In finance, risk has a huge influence on interest rates. If you have a poor credit score or a limited credit history, lenders will be reluctant to loan you money. If they do, they will charge a higher interest rate because they expect the chances of default to be higher.

As someone who has made steady progress on their student loans, you probably fall into a low-risk category. You have less debt and a proven track record of making payments. This opens the door to student loan refinancing.

In a student loan refinance, a refi lender pays off your older high-interest student loans and creates a new lower-interest loan. These lenders can get away with charging lower interest rates because they identify borrowers who are very likely to repay their loans.

At present, the best refinance rates are available with the following lenders:

RankLenderLowest RateSherpa Review
T-1ELFI5.28%ELFI Review
T-1Splash Financial5.28%*Splash Financial Review
3Laurel Road5.49%Laurel Road Review

The big consideration for borrowers is whether or not it makes sense to refinance. The type of loan you currently have will drive the decision.

Federal Government Student Loans – Refinancing federal government loans may be a risky choice. Federal loans have important borrower protections like income-driven repayment and student loan forgiveness. They may also come with unexpected perks like the 0% interest rate during the Covid-19 Pandemic. Refinancing permanently eliminates these benefits. Borrowers need to weigh the potential savings against the lost benefits carefully.

Private Student Loans – Refinancing private student loans is significantly less risky. Borrowers are merely shifting from one private lender to the next private lender. As long as loan terms like interest rates are improved, the refinance is a smart move.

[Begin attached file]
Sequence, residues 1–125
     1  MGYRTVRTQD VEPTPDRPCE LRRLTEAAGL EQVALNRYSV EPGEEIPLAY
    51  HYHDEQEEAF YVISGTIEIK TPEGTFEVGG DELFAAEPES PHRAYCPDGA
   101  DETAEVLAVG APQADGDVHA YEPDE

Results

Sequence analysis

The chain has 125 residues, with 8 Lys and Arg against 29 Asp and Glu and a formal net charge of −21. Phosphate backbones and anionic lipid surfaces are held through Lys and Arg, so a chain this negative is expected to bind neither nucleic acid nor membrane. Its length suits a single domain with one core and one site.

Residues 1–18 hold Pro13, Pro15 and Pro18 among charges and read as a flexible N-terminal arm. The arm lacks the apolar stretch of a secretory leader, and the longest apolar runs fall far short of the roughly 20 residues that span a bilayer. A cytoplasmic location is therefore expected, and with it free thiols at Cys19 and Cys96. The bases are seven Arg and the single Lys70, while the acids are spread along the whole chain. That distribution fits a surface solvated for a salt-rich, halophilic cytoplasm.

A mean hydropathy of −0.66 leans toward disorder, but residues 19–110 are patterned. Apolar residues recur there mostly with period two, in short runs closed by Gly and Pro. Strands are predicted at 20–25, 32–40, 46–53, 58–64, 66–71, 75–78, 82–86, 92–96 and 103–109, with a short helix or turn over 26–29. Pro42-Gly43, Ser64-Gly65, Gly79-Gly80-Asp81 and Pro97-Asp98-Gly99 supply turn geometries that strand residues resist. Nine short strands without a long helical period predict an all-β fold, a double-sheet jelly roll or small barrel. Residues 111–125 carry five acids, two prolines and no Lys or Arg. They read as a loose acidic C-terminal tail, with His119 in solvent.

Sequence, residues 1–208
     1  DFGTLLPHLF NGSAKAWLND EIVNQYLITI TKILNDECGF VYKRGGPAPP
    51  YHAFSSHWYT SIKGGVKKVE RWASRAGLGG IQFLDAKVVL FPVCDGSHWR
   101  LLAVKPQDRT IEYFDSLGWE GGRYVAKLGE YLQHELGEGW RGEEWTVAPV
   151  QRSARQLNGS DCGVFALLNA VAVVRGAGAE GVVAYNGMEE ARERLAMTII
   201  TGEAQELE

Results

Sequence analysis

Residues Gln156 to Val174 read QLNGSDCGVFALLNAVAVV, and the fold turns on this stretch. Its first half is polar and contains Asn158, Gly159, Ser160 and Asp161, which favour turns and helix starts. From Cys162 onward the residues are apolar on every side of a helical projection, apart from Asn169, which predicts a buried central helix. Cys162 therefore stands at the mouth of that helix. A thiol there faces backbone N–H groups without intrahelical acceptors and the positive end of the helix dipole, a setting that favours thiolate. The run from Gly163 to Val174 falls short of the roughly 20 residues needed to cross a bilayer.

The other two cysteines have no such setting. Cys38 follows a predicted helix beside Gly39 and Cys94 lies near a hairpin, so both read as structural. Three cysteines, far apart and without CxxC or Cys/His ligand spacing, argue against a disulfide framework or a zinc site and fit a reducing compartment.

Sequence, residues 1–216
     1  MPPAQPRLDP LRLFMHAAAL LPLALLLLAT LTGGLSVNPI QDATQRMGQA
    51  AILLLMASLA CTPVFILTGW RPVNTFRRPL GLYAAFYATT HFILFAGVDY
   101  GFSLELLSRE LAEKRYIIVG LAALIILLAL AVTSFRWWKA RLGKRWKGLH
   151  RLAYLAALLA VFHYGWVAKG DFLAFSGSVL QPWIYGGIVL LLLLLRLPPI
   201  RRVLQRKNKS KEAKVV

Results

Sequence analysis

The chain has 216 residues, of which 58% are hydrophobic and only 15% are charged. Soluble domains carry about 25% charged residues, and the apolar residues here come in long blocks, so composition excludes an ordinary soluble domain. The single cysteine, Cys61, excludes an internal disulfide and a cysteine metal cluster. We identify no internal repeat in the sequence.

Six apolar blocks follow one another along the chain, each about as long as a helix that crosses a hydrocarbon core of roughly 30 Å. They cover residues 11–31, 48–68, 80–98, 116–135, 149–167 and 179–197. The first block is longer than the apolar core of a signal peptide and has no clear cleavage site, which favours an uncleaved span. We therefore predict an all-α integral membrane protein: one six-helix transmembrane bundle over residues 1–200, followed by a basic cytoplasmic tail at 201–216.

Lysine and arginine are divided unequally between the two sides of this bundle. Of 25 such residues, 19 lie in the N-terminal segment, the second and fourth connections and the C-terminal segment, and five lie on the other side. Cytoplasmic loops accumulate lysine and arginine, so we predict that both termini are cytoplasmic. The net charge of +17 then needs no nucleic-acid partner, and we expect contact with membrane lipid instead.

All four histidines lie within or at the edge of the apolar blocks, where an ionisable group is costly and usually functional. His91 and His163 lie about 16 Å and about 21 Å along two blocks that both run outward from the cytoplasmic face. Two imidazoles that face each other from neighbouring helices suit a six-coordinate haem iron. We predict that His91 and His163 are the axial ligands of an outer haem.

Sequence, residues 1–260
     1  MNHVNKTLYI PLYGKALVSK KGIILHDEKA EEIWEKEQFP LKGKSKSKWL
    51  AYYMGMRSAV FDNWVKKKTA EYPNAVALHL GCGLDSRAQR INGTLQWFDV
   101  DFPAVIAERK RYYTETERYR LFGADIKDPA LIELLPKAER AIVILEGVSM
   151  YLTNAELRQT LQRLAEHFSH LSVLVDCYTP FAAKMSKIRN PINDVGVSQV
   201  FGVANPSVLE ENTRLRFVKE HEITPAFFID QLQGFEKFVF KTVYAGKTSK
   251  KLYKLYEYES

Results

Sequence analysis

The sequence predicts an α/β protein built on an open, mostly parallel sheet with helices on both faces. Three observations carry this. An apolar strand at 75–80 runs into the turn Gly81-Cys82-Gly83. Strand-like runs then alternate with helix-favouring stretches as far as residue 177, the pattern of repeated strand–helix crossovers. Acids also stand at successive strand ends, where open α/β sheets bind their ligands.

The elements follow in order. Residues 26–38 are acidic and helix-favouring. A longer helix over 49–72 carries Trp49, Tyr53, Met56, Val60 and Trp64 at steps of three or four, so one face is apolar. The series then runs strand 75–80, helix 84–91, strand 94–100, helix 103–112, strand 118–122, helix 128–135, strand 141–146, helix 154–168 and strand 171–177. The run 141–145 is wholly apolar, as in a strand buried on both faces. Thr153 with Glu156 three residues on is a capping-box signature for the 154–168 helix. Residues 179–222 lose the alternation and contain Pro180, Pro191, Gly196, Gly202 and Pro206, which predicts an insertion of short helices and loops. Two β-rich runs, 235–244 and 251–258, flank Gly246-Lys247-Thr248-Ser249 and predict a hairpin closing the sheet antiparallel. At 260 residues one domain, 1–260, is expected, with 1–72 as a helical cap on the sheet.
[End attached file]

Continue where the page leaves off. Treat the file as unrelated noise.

Be Wary of the Risks of Auto-Pilot

If you have paid off the majority of your student loans, you likely have a routine that is working for you.

A positive routine is excellent.

However, it is also essential to keep in mind that the rules regarding student loans do occasionally change. Over the last five years, multiple new repayment plans have been created, and the government responded to an economic crisis by suspending student loan payments and interest.

If you spend a bit of time every year or so, you might be able to find better repayment options or tax breaks. Those that never think about their student loans may miss valuable opportunities.

To keep things easy, I write a monthly article on the latest developments and changes in the world of student loans.

About the Author

Student loan expert Michael Lux is a licensed attorney and the founder of The Student Loan Sherpa. He has helped borrowers navigate life with student debt since 2013.

Insight from Michael has been featured in US News & World Report, Forbes, The Wall Street Journal, and numerous other online and print publications.

Michael is available for speaking engagements and to respond to press inquiries.